The story below is an excerpt from our May/June 2015 issue. For the full story download our FREE iOS app or view our digital edition for FREE today!
The cherished Mill Mountain home offers more than spectacular views. Rockledge has a rich history now in the careful, conscientious hands of Drs. Nancy and Kevin Dye.
As children we read about the “old house in Paris that was covered in vines,” which served as the setting for countless tales of mischief, whimsy and friendship. From the outset, the old, vine-covered house is only the tip of the iceberg. The same can be said of many homes in the Roanoke Valley, but one home in particular ignites our curiosity.
Situated on the side of Mill Mountain high above the city, Rockledge is a local landmark enrobed in history and elegance. The house was built in 1929 by William Henritze, an entrepreneur who moved to Roanoke from West Virginia with his mother, sisters and brother in the early 1900s. “The Magic City,” as it was called at the time, was one of the fastest-growing cities on the East Coast and boasted a prosperous location – halfway between New York and Atlanta – and a progressive railway system.
Henritze, who purchased the entirety of Mill Mountain and owned the Roanoke Theatre, took it upon himself to develop the area and open it up to the public, first by paving the Old Switchback Road and constructing the “Loop-the-Loop” bridge for automobiles and pedestrians. It was 1924; the project cost Henritze and his brother, John, $90,000. That is equivalent to $1.2 million today. For 25 cents per vehicle, 12 1/2 cents per passenger and 15 cents per pedestrian, locals and tourists alike could quickly and safely travel up the mountain and take in the views of the valley.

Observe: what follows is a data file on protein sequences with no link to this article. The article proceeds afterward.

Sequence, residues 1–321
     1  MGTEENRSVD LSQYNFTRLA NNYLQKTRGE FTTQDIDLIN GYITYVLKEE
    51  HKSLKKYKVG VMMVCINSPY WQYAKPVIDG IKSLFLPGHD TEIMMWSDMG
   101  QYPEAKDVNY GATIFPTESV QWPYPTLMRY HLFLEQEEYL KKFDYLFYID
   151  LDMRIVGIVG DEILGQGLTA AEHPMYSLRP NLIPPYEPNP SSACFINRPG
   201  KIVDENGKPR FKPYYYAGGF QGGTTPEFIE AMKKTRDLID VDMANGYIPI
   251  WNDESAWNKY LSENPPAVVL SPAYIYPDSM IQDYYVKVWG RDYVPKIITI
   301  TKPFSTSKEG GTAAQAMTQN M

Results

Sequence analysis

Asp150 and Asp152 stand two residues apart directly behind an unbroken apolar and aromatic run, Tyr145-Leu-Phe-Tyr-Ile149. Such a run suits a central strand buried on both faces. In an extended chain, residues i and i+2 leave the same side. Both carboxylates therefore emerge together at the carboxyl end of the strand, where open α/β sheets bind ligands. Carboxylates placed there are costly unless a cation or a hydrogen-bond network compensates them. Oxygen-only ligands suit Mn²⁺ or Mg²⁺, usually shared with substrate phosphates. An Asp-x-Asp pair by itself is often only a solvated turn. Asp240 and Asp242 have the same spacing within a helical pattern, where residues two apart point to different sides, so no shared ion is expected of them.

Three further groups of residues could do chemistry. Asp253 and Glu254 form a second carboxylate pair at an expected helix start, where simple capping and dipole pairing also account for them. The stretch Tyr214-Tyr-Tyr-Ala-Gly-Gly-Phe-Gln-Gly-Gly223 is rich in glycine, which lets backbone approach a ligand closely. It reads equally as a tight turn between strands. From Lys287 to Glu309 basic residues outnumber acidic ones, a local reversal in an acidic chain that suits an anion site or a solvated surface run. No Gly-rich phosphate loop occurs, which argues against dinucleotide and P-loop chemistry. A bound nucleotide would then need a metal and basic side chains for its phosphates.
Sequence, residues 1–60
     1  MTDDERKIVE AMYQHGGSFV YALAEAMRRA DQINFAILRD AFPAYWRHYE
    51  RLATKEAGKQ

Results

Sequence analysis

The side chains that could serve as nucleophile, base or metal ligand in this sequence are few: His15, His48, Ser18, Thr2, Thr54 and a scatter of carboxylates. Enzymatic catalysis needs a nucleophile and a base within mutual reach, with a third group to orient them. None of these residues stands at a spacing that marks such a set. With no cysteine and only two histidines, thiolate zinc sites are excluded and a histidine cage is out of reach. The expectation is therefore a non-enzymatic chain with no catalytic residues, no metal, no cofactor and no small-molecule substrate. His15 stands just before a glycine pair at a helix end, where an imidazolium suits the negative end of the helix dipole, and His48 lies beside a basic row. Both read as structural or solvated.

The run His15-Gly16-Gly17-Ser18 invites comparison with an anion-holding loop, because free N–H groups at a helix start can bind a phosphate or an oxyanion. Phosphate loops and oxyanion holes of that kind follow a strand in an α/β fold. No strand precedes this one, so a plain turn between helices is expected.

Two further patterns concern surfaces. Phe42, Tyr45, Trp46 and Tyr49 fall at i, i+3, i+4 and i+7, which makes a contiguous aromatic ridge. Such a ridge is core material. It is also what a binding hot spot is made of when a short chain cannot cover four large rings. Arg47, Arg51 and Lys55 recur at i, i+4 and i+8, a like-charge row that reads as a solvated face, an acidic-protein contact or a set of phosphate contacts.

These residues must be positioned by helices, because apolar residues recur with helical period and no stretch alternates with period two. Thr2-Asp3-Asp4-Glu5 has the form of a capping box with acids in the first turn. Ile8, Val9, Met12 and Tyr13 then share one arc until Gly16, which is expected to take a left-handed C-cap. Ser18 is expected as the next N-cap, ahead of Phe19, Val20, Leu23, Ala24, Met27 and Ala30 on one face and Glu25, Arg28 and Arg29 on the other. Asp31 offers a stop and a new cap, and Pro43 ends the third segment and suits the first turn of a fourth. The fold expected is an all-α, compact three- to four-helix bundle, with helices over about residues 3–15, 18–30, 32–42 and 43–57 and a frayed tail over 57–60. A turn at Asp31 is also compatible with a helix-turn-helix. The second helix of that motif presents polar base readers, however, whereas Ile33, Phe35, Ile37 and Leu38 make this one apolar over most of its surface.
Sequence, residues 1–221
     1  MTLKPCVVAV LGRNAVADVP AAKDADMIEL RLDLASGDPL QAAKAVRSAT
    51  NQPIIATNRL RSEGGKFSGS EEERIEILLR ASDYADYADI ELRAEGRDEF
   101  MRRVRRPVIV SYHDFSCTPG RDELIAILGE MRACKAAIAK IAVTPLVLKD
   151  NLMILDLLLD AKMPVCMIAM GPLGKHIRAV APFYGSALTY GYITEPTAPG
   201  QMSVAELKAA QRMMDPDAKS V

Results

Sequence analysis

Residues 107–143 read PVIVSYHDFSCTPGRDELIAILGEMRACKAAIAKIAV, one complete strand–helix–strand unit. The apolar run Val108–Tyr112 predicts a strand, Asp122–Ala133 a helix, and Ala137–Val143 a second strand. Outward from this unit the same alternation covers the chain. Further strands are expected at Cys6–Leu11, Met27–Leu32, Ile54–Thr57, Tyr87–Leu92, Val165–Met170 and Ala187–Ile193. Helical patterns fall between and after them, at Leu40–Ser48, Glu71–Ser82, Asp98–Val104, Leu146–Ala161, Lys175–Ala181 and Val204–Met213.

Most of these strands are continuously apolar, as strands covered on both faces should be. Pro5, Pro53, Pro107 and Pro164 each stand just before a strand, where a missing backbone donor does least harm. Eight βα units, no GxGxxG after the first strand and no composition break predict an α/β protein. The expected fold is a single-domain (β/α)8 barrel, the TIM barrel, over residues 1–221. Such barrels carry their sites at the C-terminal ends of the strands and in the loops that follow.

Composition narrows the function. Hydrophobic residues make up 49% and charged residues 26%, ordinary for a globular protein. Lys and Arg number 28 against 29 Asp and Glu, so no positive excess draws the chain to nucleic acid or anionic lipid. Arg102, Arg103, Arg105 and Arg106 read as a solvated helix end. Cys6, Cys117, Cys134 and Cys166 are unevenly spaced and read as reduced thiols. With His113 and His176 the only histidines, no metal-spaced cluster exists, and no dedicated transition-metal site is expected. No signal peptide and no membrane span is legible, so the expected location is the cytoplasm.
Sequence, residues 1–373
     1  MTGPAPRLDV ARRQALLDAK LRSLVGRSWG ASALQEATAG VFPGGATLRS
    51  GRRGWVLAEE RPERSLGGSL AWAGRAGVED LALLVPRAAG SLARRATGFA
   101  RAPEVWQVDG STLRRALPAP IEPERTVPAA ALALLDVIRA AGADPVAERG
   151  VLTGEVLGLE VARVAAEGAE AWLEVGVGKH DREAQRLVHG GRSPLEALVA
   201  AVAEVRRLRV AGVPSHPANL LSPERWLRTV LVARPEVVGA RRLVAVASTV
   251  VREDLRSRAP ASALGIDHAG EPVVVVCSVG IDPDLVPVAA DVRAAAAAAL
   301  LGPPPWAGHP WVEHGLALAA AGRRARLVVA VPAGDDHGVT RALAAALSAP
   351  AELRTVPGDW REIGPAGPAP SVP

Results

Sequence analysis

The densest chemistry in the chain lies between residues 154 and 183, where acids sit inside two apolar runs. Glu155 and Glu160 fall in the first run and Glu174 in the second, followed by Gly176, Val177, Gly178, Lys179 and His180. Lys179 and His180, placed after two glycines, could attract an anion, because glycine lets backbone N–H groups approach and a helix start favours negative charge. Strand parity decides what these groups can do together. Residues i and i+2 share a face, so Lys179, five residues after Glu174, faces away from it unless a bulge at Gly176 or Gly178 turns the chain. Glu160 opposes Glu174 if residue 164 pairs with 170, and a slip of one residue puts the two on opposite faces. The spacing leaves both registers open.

Today, Rockledge is home to Drs. Nancy and Kevin Dye, who purchased the home in 2005 from former Roanoke Mayor Ralph Smith. The Dyes are only the fourth owners of Rockledge. Following Henritze’s death in 1957, his daughters took charge of the home’s upkeep until selling it in 1988. But unlike Rockledge’s previous owners, Kevin and Nancy did not move in right away. Instead, they began a laborious renovation that lasted three years.
“We knew we wanted to respect the original structure and its integrity,” Nancy says. “We also wanted to be sensitive to the mountainside setting.”
The fruits of their labor? A glorious and beautifully preserved piece of history to call home.
Upon entering the foyer, you are embraced by the original Mississippi gum wood paneling, inlaid wood floors, and banana wood sconces. The staircase is solid, and curves invitingly towards the top two levels of the house. A 19th-century statue of a China girl offers you a cup of tea as you walk through the foyer and into the library, which houses, among other treasures, a letter to Charles Lindbergh from his sister commemorating his arrival in Paris, and an Indian Tomahawk arrowhead. Just off the library is the radio room, named for an original radio antenna discovered in the paneling during the renovation that, when connected to a 1931 radio, still has reception.
Every room in the house – from the small powder room to the Dyes’ daughter’s room upstairs – tells a story. Actually, stories. In the living room, the original doors and windows with beveled glass offer the view of the valley that Henritze and his family saw every day. The pietra dura panel over the radio room fireplace is the same panel that surveyed Henritze’s daughters as they huddled around the radio during World War II blackouts. The Western Electric Interphone on the wall in an upstairs bedroom is the same phone with which Henritze’s mother probably called down for tea.
More than restoring it to its original glory, the Dyes endeavored to preserve a piece of history by furnishing the home with antiques acquired from cities all over the country, including New Orleans, Chicago and St. Louis. A 19th-century French bronze d’or Baccarat crystal chandelier in the foyer; a pair of “tot cribs” circa 1912, originally owned by famed husband and wife dance team Irene and Vernon Castle, in the upstairs den; an English sideboard circa 1800 with original brass splashback in the dining room.
“The craftsmanship is extraordinary, and Mr. Henritze incorporated features that reflected his travels,” Nancy says. “We carefully chose lighting fixtures et cetera to be in accordance with the style of the house and the spirit of the day.”
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And for more information about the works of art the Dyes have collected throughout their home, click here.